Look carefully at the numbers. What do you notice? Can you make another square using the numbers 1 to 16, that displays the same properties?
Watch this animation. What do you notice? What happens when you try more or fewer cubes in a bundle?
We can arrange dots in a similar way to the 5 on a dice and they usually sit quite well into a rectangular shape. How many altogether in this 3 by 5? What happens for other sizes?
Write the numbers up to 64 in an interesting way so that the shape they make at the end is interesting, different, more exciting ... than just a square.
This challenge extends the Plants investigation so now four or more children are involved.
This problem is based on the story of the Pied Piper of Hamelin. Investigate the different numbers of people and rats there could have been if you know how many legs there are altogether!
Using some or all of the operations of addition, subtraction, multiplication and division and using the digits 3, 3, 8 and 8 each once and only once make an expression equal to 24.
What do you notice about the date 03.06.09? Or 08.01.09? This challenge invites you to investigate some interesting dates yourself.
How could you put eight beanbags in the hoops so that there are four in the blue hoop, five in the red and six in the yellow? Can you find all the ways of doing this?
Using the statements, can you work out how many of each type of rabbit there are in these pens?
This challenging activity involves finding different ways to distribute fifteen items among four sets, when the sets must include three, four, five and six items.
Find the next number in this pattern: 3, 7, 19, 55 ...
In a square in which the houses are evenly spaced, numbers 3 and 10 are opposite each other. What is the smallest and what is the largest possible number of houses in the square?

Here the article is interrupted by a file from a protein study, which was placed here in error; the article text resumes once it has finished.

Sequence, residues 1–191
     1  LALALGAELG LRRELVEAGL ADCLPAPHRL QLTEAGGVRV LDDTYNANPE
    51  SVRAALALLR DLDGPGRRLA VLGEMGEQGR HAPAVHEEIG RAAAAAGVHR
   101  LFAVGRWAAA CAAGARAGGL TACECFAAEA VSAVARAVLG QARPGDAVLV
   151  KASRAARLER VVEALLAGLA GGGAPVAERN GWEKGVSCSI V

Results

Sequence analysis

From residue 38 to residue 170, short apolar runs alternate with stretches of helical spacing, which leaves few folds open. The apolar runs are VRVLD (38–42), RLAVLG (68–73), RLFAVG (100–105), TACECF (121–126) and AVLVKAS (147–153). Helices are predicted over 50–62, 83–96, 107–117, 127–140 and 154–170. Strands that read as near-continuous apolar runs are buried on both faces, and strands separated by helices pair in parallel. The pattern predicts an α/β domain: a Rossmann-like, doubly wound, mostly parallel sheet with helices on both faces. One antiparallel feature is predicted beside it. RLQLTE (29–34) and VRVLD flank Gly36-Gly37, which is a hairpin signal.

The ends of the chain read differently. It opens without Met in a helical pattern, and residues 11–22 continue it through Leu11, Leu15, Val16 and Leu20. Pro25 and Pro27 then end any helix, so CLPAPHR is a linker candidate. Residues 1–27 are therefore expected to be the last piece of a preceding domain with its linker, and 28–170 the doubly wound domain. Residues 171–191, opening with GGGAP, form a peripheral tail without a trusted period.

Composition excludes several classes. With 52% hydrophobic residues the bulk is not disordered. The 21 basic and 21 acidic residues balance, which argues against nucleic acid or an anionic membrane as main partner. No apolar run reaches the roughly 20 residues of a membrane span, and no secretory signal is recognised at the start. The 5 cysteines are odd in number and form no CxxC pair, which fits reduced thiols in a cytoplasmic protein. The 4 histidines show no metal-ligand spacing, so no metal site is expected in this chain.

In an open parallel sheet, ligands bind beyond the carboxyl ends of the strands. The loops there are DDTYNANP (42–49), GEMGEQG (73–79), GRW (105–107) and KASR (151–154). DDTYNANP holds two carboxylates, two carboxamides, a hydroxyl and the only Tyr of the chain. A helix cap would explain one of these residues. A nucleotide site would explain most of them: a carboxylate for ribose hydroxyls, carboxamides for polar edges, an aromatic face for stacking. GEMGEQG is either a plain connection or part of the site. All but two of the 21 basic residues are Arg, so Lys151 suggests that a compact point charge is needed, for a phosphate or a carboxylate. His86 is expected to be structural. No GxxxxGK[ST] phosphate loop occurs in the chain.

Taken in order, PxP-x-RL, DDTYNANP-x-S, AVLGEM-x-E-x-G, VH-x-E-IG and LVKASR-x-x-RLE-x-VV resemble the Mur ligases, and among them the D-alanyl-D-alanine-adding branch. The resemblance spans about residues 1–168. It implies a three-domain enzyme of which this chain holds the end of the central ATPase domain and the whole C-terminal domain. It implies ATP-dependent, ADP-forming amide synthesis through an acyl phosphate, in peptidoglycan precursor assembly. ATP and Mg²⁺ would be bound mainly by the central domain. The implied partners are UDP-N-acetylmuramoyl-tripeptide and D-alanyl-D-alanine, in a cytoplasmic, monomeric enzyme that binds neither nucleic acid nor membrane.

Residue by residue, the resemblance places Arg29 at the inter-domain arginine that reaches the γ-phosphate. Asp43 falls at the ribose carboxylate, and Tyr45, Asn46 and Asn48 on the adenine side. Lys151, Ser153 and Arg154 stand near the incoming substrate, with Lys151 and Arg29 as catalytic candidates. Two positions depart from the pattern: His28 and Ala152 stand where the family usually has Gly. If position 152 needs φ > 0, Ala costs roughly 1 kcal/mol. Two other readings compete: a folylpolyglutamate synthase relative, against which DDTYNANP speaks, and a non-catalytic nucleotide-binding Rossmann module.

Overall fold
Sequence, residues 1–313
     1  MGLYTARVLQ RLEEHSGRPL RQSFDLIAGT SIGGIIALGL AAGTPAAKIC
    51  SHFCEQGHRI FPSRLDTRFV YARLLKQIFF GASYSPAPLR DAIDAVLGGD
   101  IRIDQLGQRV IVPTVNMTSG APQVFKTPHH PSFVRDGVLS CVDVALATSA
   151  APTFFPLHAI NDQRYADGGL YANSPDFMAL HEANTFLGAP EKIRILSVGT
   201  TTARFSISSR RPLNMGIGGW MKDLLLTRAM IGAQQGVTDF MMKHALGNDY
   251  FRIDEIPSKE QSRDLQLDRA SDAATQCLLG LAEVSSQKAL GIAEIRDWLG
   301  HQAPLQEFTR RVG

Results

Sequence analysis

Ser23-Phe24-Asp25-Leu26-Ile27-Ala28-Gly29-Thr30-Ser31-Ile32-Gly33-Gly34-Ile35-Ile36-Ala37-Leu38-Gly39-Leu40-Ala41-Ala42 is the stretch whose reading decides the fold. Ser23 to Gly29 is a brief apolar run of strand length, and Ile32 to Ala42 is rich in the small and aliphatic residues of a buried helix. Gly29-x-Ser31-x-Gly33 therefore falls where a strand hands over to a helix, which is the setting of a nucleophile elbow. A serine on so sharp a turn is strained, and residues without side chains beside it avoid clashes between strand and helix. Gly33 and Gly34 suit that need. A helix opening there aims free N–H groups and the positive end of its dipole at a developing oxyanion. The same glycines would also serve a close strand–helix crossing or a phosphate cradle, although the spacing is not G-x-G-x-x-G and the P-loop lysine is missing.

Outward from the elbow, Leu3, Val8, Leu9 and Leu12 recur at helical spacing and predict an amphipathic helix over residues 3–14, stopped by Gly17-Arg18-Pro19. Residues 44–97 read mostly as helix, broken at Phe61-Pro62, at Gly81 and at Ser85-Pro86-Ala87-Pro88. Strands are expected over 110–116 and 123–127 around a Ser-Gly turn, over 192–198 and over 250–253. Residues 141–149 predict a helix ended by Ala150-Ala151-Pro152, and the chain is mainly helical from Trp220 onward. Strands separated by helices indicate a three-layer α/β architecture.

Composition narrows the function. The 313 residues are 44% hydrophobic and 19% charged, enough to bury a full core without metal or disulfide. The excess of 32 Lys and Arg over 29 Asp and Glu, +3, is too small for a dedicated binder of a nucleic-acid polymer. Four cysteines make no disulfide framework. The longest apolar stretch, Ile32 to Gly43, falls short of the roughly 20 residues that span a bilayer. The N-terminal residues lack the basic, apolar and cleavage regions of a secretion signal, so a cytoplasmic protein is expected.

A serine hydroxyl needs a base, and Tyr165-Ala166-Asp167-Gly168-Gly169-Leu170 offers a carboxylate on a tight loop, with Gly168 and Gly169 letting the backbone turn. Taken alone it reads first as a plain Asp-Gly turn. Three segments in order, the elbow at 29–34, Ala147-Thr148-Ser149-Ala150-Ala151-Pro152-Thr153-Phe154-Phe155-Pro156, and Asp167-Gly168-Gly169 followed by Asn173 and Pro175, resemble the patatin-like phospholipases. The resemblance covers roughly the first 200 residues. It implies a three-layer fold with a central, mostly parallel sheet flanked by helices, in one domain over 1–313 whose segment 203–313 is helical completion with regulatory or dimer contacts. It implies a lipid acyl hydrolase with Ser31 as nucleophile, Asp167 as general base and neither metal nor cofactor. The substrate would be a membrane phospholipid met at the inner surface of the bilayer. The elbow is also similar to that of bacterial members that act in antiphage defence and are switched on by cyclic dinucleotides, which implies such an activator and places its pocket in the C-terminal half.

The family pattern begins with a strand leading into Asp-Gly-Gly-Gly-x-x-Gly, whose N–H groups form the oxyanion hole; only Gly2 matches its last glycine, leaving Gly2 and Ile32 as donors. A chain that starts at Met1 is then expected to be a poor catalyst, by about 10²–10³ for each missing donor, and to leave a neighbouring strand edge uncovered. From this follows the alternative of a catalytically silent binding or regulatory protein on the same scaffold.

This magic square has operations written in it, to make it into a maze. Start wherever you like, go through every cell and go out a total of 15!
Can you design a new shape for the twenty-eight squares and arrange the numbers in a logical way? What patterns do you notice?
These two group activities use mathematical reasoning - one is numerical, one geometric.
Try adding together the dates of all the days in one week. Now multiply the first date by 7 and add 21. Can you explain what happens?
Can you put the numbers 1 to 8 into the circles so that the four calculations are correct?
There were chews for 2p, mini eggs for 3p, Chocko bars for 5p and lollypops for 7p in the sweet shop. What could each of the children buy with their money?
Can you put plus signs in so this is true? 1 2 3 4 5 6 7 8 9 = 99 How many ways can you do it?
Place this "worm" on the 100 square and find the total of the four squares it covers. Keeping its head in the same place, what other totals can you make?
Winifred Wytsh bought a box each of jelly babies, milk jelly bears, yellow jelly bees and jelly belly beans. In how many different ways could she make a jolly jelly feast with 32 legs?
Three children are going to buy some plants for their birthdays. They will plant them within circular paths. How could they do this?
Place six toy ladybirds into the box so that there are two ladybirds in every column and every row.